Monday, July 14, 2008

go forth to serve

Part of my job (most of my job) entails administering surveys to people associated with Brigham Young University--students, alumni, faculty, surrounding community members, blah blah blah. Before we send out one such survey, for obvious reasons, we test it out ourselves, to make sure the questions make sense and the links on the interweb work and that we didn't accidentally write "extreamly satsifide." That is not how either of those words should be spelled, though it does look kind of cutely old-timey. So in preparation for our upcoming Freshman Pre-Arrival Survey, today I had the opportunity to reflect on my state of mind before arriving in Provo that fall of 2001, and remember what I would have said were I given the survey at that time.

I don't really want to talk very much about that, except to use it as a point of introduction to what I actually do want to talk about. Today I reveled, gloried, in the reminiscing of one of the greatest and most important breakthroughs that I ever made in my college career. An epiphany that struck me with the full force of a thousand thunderbolts about two months into my first semester. It's laughable, now, to think that it took me that long--it was staring me right in the face! How could I have lasted so unaware for so long?! The signs were all around me! Nevertheless, despite being a little slow in finally picking up on this vital piece of knowledge, it came. Eventually, it came. I learned possibly the singular most significant reality that would come to have an impact on the rest of of my college career; nay, on the rest of my life.

Holy crap, I didn't have to go to class.

It happened one morning around 9:30, on a day after I had been up probably until about 3am flirting with a boy studying for a test. Psychology started in half an hour, I hadn't showered, my eyes would barely open, I had time to brush my teeth and pull some jeans on and get to the SFLC. I did these things, and proceeded to gather up my materials for class. I looked in my notebook to make sure I had my assignment in there, ready to turn in, when the syllabus coyly hinted at me that I had nothing due. There wasn't a quiz, either. In fact, the chapter we'd be going over that day was only a continuation of the previous class, because many people have difficulty with that particular section (synapses--who knew?), but I felt rather comfortable with the material. Suddenly, the room brightened. All became clear. I could get right back into bed! Nothing would change--not my grade, not my academic standing, not the amount of tuition BYU wanted from me, not one thing. The only consequence would be that I could get an extra hour and a half of sleep, and be that much more alert for American Heritage later in the day. My oh my. Universe, I accept.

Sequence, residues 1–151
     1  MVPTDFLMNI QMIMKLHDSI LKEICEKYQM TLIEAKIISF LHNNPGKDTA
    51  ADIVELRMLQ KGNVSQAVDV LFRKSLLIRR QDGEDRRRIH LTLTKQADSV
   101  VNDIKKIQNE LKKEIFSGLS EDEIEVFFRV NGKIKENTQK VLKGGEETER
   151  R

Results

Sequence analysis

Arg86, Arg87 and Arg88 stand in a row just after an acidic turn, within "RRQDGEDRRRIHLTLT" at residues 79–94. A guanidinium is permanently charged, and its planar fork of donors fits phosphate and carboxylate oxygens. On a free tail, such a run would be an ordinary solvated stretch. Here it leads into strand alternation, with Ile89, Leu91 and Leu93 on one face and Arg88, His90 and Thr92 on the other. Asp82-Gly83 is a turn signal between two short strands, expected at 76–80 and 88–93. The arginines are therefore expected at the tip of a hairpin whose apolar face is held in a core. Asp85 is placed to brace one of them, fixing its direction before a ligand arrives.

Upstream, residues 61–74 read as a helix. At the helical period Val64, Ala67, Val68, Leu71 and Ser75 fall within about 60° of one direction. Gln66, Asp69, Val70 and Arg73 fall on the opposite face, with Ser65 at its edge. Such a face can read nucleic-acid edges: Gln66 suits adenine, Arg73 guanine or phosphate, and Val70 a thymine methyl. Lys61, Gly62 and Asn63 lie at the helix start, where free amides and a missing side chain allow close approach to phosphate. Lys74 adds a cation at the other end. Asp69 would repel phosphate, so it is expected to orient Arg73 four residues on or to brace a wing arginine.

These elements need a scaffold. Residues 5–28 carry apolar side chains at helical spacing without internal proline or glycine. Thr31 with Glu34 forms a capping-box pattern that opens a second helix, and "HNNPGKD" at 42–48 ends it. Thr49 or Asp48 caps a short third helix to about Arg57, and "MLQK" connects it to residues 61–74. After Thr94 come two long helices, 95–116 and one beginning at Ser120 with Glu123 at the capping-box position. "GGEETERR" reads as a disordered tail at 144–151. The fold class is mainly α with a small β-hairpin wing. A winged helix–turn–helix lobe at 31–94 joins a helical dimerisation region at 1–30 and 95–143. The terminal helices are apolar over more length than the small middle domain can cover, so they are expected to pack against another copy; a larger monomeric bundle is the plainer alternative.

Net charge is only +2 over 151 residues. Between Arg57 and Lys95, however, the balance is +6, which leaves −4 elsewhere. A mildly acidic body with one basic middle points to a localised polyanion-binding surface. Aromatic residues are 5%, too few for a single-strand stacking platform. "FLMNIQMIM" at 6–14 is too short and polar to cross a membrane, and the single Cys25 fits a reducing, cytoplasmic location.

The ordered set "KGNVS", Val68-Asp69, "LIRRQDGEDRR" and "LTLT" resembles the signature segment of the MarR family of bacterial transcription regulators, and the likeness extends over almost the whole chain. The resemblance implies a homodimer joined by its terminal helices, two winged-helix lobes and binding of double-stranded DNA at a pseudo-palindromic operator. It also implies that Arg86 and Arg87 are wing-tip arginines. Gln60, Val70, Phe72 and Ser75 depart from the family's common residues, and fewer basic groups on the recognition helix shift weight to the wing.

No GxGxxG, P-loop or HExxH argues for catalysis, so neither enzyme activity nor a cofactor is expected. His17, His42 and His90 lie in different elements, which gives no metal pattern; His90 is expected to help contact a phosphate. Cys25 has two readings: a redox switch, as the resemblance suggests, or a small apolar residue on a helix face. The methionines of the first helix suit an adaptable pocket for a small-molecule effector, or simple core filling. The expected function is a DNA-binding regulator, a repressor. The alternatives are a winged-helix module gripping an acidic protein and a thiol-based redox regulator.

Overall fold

Things were never the same after that. Sure, I went to class most of the time. But I realized that sometimes things needed to be prioritized, sometimes the prescribed course of action was not the best course of action, and sometimes, sometimes, I knew what was better for me than my professors or administrators did. And that may just mean taking a break from class at times when going to class would break me. Thank you, heart and mind, for enlightening me, and making my academic experience all that it could possibly be.





Note: Mom, this post is a complete joke, I totally went to every single class I was ever registered for, always.

Second Note: Erica, you better go to all your classes this fall. If you don't go even once you will probably fail college.

11 comments:

Kyle said...

> Sure, I went to class most of the time.

mentirosa!

Ethan T said...

I went to exactly 15 minutes of the first lecture of CS2 (Java) at Tech. The only other times I ever appeared in the lecture hall were for tests. I believe I got a 98 in that class...

Kyle said...

how did you get a 98 without finishing minesweeper??

Erica said...

Oh dang, until I read that note I thought you were giving me some of the best college counsel I had received yet. Also, you're not allowed to "study" until 3 that's crazyness...

The Mediocre Gatsby said...

Haha Great post!

Brad said...

I just have one question. You, of course, use the word "interweb" only in an ironic fashion, right?

Tracy said...

You know it's true
Everything I do
I do it in an ironic fashion

Expavesco said...

... I do it for you...
oh dang it.

Brad said...

I just read this and decided it was too relevant not to share: http://www.qwantz.com/archive/000637.html

Kristina said...

I remember having that exact epiphany a few months into college (it takes me a minute to get things, too) but mine involved the realization that I could leave class for diet coke whenever I wanted.

Anica said...

This was hilarious! So witty!

 
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